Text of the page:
I don't know about spring where you are, but here in northeast Pennsylvania it's been slow in coming. And even though nice weather is sure to come, we're expecting the early season to include a lot of high water, cold temperatures, and late hatches. That could all change, of course, but it's looking that way at the moment. We're still getting snow run-off from the mountain and our nights are very cold. With these conditions, it might be wise to make sure the sink-tip lines are in the gear bag and ready to go in case you run into high, cold, water this spring.
A sink-tip will get the fly down deeper and faster than adding split shot to the leader of a floating line. When the water is deep and the current is moving along at a good pace, the leader and fly will often be swept through before it can get deep enough to reach the fish. If the fish are sitting on the bottom, as they often are in these conditions, you've got to get the fly down to where they are. It won't work if your flies are continually going over their heads. By using a sink-tip the fly line sinks and the leader is pulled down with it. For instance, a RIO 15' Type 3 WF6 Sink Tip has a sink rate of 3" per second. By using a weighted fly like a Super Bugger, the cast will sink quickly and the fly will get in front of the fish. The fish won't want to move quickly in cold water temperatures, so a slow, deliberate retrieve will often produce results. At the end of the retrieves, try wiggling the fly up to the surface before lifting the cast from the water to recast. You might be surprised to find that a fish has followed the fly in and as the fly is wiggling toward the surface, he will often take it here at the last second. If the water is off-color, you may otherwise pull the fly away from the fish that you can't see.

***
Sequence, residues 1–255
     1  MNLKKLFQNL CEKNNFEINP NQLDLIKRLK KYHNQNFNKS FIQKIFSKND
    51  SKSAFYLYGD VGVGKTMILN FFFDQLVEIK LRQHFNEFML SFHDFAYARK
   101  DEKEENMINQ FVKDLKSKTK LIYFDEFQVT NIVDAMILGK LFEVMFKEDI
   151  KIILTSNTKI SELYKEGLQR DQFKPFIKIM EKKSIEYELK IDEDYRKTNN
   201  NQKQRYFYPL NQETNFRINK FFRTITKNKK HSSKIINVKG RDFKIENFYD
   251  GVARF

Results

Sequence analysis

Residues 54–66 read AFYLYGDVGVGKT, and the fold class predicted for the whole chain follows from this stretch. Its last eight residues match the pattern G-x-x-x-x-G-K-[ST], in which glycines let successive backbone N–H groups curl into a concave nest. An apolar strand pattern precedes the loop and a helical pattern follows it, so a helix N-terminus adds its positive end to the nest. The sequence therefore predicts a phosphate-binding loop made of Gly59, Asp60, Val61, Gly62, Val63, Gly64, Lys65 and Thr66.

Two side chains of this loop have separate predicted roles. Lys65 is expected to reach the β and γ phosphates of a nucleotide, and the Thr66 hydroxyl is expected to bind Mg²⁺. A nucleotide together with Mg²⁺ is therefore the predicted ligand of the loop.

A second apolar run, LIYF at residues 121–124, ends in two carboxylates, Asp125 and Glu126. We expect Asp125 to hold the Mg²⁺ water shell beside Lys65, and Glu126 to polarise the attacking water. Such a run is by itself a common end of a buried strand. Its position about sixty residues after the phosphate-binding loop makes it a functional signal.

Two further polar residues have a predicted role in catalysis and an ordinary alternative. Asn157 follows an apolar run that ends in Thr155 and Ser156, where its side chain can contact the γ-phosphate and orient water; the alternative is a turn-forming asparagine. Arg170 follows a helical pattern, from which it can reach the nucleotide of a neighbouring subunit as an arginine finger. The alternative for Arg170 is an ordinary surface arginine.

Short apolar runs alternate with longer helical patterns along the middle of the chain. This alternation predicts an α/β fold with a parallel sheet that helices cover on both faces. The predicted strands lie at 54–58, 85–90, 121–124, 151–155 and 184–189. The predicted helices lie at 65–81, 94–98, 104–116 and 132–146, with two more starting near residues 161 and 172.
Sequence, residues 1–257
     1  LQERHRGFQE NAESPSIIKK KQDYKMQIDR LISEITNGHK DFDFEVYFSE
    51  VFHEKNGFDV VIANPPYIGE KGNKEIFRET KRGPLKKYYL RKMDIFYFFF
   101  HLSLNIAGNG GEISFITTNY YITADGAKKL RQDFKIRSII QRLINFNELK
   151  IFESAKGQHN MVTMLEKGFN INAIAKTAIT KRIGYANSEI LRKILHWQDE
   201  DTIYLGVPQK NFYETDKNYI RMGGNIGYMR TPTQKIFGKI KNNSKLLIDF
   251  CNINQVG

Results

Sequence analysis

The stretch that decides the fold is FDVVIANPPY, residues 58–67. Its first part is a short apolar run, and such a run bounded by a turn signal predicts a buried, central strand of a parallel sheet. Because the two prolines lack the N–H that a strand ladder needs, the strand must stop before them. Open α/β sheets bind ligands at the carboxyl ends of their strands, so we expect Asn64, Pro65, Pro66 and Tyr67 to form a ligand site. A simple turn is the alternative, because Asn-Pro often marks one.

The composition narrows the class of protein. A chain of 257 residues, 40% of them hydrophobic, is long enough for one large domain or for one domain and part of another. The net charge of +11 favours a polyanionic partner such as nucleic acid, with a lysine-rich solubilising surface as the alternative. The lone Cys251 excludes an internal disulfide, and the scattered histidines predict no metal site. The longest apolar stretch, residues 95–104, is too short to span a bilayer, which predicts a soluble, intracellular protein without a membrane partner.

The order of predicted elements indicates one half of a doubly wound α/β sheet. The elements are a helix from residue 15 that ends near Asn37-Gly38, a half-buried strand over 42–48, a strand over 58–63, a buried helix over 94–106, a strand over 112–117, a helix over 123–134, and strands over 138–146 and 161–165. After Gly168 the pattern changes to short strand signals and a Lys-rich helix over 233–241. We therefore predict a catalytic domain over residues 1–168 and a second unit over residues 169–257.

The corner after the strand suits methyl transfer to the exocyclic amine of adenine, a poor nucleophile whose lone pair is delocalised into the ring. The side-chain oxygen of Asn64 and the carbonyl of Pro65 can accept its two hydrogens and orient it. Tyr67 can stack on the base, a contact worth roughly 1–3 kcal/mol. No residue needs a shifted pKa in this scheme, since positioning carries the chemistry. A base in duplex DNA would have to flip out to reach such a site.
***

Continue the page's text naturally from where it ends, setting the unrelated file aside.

Casting sink tip lines is not difficult if you remember a couple things. Unlike a floating line which is on the surface, a sinking line is — well, sinking. This makes it difficult to recast unless you've stripped in most of the line. A trick that will make it a little easier is to roll cast the sink tip back up to the surface before recasting. Don't give it time to sink again, as soon as it turns over on the roll, pick it up to recast. (Shoot a little line to add to the amount of line you're recasting during the roll if you can.) You will also find that as the amount of sink-tip increases that you are casting, you'll want to slow down the speed of the casting stroke so allow the rod to load. A fairly fast action rod will help with this. You want to be able to feel the rod load but at the same time you want a rod with enough power to keep the line moving without collapsing. A very fast action rod might be good in a strong wind when you're chucking heavy flies, but in general spring conditions, a rod that allows you to feel the cast is best. Since you're not looking for delicate presentations, a shorter leader, maybe 5 or 6 feet, is often all you need. If you find that the leader is landing in a pile upon delivery, keep the rod tip up a couple inches higher on the last cast. This will give the leader time to unroll before landing on the water.
When the fish are sitting on the bottom, you have to go to the bottom to get them. Using a sink-tip line will help make the job easier.
Until next time. -Cathy
We also wanted to share with you that we are putting our Super Bugger Selection on sale for the start of fishing season. For the next month we dropped the price to $24.95 plus shipping so you can replenish your streamer supply. Click here to go to our store site to order.